Born Percy Miller in 1970 in New Orleans, LA; parents separated when he was three and a half years old. Education: received basketball scholarship as a point guard to University of Houston in Texas, attended college for two years. Addresses: Record company--No Limit Records, P.O. Box 2590, Los Angeles, CA 90078 (213) 436-0250, fax (213) 436-0019.

Percy Miller, known as Master P, chartered a remarkably successful career as founder and CEO of the independent record company No Limit Records. In addition to overseeing his record label, he is a rap artist, film and videodirector, actor, and business entrepreneur. In less than ten years Miller rose from record store retailer to owner of one of the country's most successful independent record companies, enjoying forays into film and video as well. When he forged a distribution deal with Priority Record, Miller retained financial control of his company, No Limit Records, and also insisted on complete creative control. This financial and creative freedom allowed Miller and the artists on his label to branch out into film and video and to work with whomever they please-- attracting more high-profile artists to the label. In less than ten years, No Limit Records grew into a multimillion- dollar operation with offices in Baton Rouge and Los Angeles; in September of 1997, No Limit Records had five of the top 150 albums in the country.

The 6'2", 180-pound Miller was born in 1970 in the uptown portion of New Orleans, LA, near the French Quarter, and was raised in the city's third ward 1,800-unit Calliope housing projects. His parents separated when he was three years old and his mother moved to Richmond, CA. Miller and his younger brother Kevin were raised by their paternal grandmother. Miller slept on a bare wood floor in the hallway of his grandmother's three-bedroom apartment, as there were eleven other children in his grandmother's care. He visited his mother in Richmond frequently, and told the Washington Post's Jay W. Babcock, "You would hope that my mom was livin in a big old fancy house, but she was in the 'hood' too."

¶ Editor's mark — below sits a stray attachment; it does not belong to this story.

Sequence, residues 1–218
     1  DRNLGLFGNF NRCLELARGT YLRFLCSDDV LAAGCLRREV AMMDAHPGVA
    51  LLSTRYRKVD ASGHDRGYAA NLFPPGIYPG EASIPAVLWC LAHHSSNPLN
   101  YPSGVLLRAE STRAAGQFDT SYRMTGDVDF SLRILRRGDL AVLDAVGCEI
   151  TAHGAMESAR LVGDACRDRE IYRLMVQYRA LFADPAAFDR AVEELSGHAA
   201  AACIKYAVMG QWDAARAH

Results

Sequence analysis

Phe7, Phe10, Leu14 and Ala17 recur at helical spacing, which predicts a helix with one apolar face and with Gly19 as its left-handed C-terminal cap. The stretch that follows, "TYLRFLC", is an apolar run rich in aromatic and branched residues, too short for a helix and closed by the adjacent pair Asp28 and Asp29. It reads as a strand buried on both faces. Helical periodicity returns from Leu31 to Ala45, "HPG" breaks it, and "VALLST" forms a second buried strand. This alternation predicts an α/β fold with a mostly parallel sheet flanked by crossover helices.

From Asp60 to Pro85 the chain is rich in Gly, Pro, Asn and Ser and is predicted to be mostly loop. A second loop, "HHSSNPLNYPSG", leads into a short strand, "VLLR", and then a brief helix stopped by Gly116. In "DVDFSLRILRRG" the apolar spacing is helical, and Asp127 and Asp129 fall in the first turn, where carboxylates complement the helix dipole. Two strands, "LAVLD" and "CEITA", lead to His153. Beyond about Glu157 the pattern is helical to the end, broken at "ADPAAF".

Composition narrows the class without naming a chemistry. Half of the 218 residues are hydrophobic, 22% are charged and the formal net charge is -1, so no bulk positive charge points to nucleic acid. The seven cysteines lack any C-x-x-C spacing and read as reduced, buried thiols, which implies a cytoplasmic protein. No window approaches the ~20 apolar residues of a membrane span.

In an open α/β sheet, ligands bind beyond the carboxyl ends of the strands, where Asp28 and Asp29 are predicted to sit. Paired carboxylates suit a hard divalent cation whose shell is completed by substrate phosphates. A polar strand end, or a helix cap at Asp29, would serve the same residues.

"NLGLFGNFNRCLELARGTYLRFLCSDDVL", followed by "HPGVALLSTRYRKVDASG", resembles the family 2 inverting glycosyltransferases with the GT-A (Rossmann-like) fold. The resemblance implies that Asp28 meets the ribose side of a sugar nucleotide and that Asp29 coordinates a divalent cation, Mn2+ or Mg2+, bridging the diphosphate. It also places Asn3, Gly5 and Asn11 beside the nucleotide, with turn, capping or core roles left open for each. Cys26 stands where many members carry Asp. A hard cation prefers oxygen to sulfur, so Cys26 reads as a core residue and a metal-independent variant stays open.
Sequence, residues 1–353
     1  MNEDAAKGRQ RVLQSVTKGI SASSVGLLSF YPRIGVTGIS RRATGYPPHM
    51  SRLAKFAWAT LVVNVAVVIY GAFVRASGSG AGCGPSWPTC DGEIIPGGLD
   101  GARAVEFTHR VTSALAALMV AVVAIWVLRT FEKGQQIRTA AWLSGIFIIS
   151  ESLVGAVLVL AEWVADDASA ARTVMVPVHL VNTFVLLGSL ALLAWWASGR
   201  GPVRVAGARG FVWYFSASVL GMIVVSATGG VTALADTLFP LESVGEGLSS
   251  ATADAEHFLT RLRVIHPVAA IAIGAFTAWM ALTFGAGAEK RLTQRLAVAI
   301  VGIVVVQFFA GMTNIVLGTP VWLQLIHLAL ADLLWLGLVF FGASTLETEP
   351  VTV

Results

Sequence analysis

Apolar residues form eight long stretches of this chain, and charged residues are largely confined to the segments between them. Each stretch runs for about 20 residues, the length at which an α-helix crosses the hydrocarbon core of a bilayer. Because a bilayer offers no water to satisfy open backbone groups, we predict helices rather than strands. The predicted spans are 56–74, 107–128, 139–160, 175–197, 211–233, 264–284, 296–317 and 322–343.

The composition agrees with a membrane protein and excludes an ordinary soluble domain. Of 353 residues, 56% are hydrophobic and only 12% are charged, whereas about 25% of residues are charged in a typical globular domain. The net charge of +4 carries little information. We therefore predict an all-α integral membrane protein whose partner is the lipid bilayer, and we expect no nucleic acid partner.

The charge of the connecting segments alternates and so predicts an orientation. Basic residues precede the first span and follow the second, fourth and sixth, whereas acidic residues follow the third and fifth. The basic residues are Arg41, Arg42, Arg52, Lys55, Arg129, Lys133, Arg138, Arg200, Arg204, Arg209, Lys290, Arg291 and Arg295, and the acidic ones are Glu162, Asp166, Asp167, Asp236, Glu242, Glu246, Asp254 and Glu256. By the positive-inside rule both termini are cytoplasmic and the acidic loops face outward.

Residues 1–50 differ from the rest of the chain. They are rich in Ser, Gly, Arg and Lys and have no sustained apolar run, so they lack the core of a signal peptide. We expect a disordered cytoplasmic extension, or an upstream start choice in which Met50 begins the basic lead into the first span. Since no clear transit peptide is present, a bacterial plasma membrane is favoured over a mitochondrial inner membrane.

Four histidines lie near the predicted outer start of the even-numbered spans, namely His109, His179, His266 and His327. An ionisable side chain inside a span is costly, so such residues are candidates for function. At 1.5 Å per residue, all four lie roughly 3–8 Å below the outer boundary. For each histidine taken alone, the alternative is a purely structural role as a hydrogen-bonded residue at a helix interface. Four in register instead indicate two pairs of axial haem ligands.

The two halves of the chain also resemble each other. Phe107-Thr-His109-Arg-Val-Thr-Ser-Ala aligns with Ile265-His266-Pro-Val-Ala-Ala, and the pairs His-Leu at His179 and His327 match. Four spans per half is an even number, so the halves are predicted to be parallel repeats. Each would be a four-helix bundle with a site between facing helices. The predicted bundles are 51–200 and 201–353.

Miller's high school basketball coach, Moon Jones, took him under his wing and provided him with encouragement throughout his teen years. The University of Houston gave Miller a scholarship as a point guard, and he spent two years at the college before suffering a leg injury and conceding that the scholarship wasn't sufficient to cover his expenses. He returned to New Orleans, where--as was his experience in high school--he had to hustle jobs on the street to make ends meet. He told Babcock, "I wasn't hustlin' to buy a car or nothin' like that, I was hustlin' to survive. I was hustlin' to keep the bills paid, I was hustlin' so my brothers didn't have to hustle."

A $10,000 medical malpractice payment related to the death of his grandfather funded a trip to Richmond, CA, for Miller. He opened a rap music store there in 1990 and learned about the record industry from the bottom up. Miller was an aspiring rapper and fan of rap music even before he opened his music store, called No Limit, in the Oakland satellite of Richmond. By 1992, he was ready to start his own label. He told Carlito Rodriguez of The Source, "I seen a lot of good rappers and a lot of people in the business, but they wasn't owning it. They was taking their business to somebody for a percentage and settling for less.... if I could just sell half of what they selling ... and own my stuff, I could make some changes."

Miller's business strategy and acumen was honed by his experience managing his own store. He also received valuable tutelage from one of the Bay Area's music distributors--a man named Saint Charles, who owned the Solar Music Group. Charles also mentored the musician E-40 and most of the independent-minded musicians from the area. Miller asked as many questions as possible from local distributors like Charles in order to piece together an accurate overview of the industry, and then released his first album, The Ghetto's Tryin' to Kill Me. Miller told Rodriguez, "Hands on, I think, is the most successful way you can learn something.... If you get out there and make a few mistakes, you'll know how to do it."